In recent years, there have been more cycle lanes appearing in and around Sydney, as well as an increase in dedicated cycle tracks and shared pedestrian and cycle paths. Did you know that there are also classic bike tracks for electric bikes in Sydney with no or few cars, where you can enjoy the benefits of cycling in a safe environment?
Cycling with your electricity bicycle (ebike) in and around Sydney is fantastic for sheer variety. Although there are busy roads and crazy drivers, you will also be rewarded with awesome scenery and unbeatable weather. The city isn't known for its mountain peaks, but there are a few spots of elevation as well as plenty of fast flats to smash yourself on. There are also numerous options in each direction - north, south, east, and west.
In this article, we will share
3 of the best Sydney cycle tracks.
Stay tuned for 1 bonus track at the end!
First is the Centennial Parklands.
Here, you'll be cycling under trees, past beautiful ponds, open green spaces, and a plethora of nature. It's ideal for those looking to stay fit or for those looking for a leisurely ride to relax and take in the scenery. There are two charging stations for electric bikes, each capable of charging two automobiles, located in the 200 block of Centennial Park downtown, with the other two two-vehicle stations located at the new public safety building at 1575 E. Venice Ave. There is an app that helps drivers to identify stations and arrange their routes to stay within a safe distance of them, decreasing "range anxiety." There are also four new changerooms, as opposed to the current two. The Parklands now has designated cycle lanes and trails for riders of all skill levels. In fact, this park is the major link between the City of Sydney's network of cycleways and the cycle network of the eastern suburbs, making the Parklands a vital commuter zone. As a cyclist, you can take advantage of a number of shared cycleways designed to enable safe cycling, as well as the Learners Cycleway. The Grand Drive Cycle Lane connects to the surrounding regional network of cycleways in a safe and accessible manner.
Second is the Olympic Park.
Cycling enthusiasts of all skill levels will enjoy this area. Visit the renowned 7.5km Olympic Circuit and relive your Olympic Games memories. Begin at the Town Centre and travel via prominent Olympic venues such as the ANZ Stadium, the Olympic Cauldron, Cathy Freeman Park, and the Games Memories poles installation, a permanent homage to the volunteers who helped make the Sydney 2000 Olympic and Paralympic Games such a spectacular event. Please carry a refillable bottle to relieve your thirst as there are many different public restroom facilities available, including water fountains. For those looking for a longer (45-75 minute) meal break, there are cafes and restaurants, as well as fast food (McDonald's, Subway, Oporto, Gloria Jeans). Lookouts, bird hides, wildlife refuges, mangrove boardwalks, shipwrecks, and outdoor art can all be found here. Choose from three fantastic Bike Safari Circuits (for ages 5+) based on your riding ability and what you want to see. Enjoy family-friendly bike paths, such as the Children's Loop in Bicentennial Park.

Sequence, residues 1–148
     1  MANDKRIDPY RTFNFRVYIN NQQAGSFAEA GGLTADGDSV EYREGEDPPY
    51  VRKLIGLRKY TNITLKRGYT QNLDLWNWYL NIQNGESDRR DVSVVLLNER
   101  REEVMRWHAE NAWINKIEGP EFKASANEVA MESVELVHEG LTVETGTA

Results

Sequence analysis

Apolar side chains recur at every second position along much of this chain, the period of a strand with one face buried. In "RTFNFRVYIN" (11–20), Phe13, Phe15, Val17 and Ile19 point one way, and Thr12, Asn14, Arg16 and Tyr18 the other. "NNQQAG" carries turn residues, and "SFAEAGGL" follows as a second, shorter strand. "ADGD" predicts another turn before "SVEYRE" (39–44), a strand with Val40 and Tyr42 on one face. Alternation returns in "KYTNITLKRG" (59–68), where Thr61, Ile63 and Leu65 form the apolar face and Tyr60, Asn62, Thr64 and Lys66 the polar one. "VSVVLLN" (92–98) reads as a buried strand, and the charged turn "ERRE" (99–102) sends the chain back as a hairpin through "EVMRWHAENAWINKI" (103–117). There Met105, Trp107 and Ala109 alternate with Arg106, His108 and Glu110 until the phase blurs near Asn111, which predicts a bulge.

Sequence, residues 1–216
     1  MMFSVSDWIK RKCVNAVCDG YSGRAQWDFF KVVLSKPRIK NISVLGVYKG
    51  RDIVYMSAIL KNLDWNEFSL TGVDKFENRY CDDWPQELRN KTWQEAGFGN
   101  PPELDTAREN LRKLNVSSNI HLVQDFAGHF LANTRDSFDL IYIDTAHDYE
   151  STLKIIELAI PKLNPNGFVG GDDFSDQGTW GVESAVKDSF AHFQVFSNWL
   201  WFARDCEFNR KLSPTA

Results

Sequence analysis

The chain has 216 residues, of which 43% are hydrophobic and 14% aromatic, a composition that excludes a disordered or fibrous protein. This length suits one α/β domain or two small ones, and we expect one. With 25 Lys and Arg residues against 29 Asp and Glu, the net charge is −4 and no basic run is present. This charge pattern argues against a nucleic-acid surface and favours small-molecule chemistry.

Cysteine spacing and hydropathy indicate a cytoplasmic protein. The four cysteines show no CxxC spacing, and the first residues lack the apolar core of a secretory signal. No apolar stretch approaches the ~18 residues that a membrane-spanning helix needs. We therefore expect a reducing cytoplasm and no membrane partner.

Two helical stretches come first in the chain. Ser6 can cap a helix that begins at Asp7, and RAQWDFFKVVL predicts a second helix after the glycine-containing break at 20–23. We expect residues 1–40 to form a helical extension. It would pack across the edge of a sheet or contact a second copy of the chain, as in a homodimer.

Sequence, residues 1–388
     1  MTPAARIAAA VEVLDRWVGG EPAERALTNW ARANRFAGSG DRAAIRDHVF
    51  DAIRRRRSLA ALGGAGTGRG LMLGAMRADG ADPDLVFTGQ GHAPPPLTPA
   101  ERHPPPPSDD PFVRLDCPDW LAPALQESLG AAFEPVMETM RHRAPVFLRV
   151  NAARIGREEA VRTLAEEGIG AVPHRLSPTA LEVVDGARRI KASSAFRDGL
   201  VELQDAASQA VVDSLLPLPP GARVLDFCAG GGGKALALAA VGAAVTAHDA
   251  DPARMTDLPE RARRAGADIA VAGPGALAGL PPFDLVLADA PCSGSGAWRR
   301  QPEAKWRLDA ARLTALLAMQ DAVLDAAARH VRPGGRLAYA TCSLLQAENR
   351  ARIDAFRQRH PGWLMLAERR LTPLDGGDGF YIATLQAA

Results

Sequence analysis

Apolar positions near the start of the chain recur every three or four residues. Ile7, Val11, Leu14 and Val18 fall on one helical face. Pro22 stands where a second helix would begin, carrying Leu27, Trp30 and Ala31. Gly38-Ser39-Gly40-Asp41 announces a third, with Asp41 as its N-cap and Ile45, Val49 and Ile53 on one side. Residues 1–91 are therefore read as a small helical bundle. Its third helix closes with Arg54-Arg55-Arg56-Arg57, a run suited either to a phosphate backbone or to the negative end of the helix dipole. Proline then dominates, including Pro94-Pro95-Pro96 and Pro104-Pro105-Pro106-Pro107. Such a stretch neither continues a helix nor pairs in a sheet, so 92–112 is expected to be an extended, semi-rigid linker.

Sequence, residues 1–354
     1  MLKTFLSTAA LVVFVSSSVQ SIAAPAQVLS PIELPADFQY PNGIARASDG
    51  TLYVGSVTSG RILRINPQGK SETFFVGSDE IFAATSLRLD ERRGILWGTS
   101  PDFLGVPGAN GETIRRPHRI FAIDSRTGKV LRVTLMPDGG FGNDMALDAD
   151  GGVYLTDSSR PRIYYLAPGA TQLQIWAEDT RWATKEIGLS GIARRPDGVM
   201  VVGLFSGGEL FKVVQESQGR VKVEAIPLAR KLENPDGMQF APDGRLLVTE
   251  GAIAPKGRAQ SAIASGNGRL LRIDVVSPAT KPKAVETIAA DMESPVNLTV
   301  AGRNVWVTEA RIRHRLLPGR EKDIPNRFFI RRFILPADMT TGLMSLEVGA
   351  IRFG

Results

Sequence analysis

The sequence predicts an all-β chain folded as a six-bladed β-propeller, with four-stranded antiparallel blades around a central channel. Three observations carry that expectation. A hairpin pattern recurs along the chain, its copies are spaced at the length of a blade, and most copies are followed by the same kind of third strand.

Third is the Prospect Loop Cycleway.
This cycleway follows much of Sydney's water infrastructure and offers a variety of terrain and scenery, making it ideal for both experienced and first-time riders. Prospect Reservoir Loop is a bike path that follows the Lower Prospect Canal Reserve from Guildford station to the reservoir. The ride returns from the reservoir via Orphan School Creek, or Prospect Creek if you prefer a shorter ride. This is a dedicated cycle path with no cars in sight for the most part. You will be able to explore Western Sydney on a 35-kilometer-long separated-from-the-road cycleway. This long loop on the Parramatta-Liverpool train line connects Guildford and Canley Vale and extends all the way to Abbotsbury. If you're taking public transportation to the loop, start at Guildford Station and look for the Prospect Canal Cycleway, which runs alongside Trenton Road. Bring your own food and break up the ride by stopping at the Prospect Dam picnic area for a bite to eat. It's the ideal trail for getting your legs moving, so bring plenty of food, water, and sunscreen.
Bonus! Bonus! Bonus!
Well done for staying with us until the end.
Here’s a bonus destination for you - the Royal National Park.
The cycling trails in this park include public roads and a small number of single tracks. Specially marked mountain biking trails are bidirectional. Cyclists should be aware that they can only ride on existing signposted trails and are not permitted on walking tracks, wilderness areas, or nature reserves. There are currently no official maps or lists of e-bike charging stations in Royal National Park. Cyclists may, however, be able to charge their e bikes at certain cafes, restaurants, hotels, residences, and campgrounds. If you choose any of these options, make sure to get permission first. First and foremost, don't overlook the park's numerous hiking trails, which include The Coast Walk, Forest Path, and Karloo Walking Track. Go whale watching if you're visiting between May and October to see majestic humpback whales in their natural habitat. During low tide, you can see the well-known, naturally formed Figure Eight Pools. View the artwork at the Dharawal Aboriginal Engravings Site to learn about indigenous history. Finally, there are 11 fresh and saltwater beaches to choose from, including Garie Beach, Jibbon, Wattamolla, Little Marley, Curracurrang, and others, where you can swim, surf, participate in water sports, or simply relax on the beach.
Whether you're an experienced cyclist or a beginner, every cyclist needs a good track where they can pedal to get their kilometers in and their blood pumping. Cycling in Sydney can often feel like a game of Russian roulette, with busy roads, narrow lanes, and a lack of cycle paths.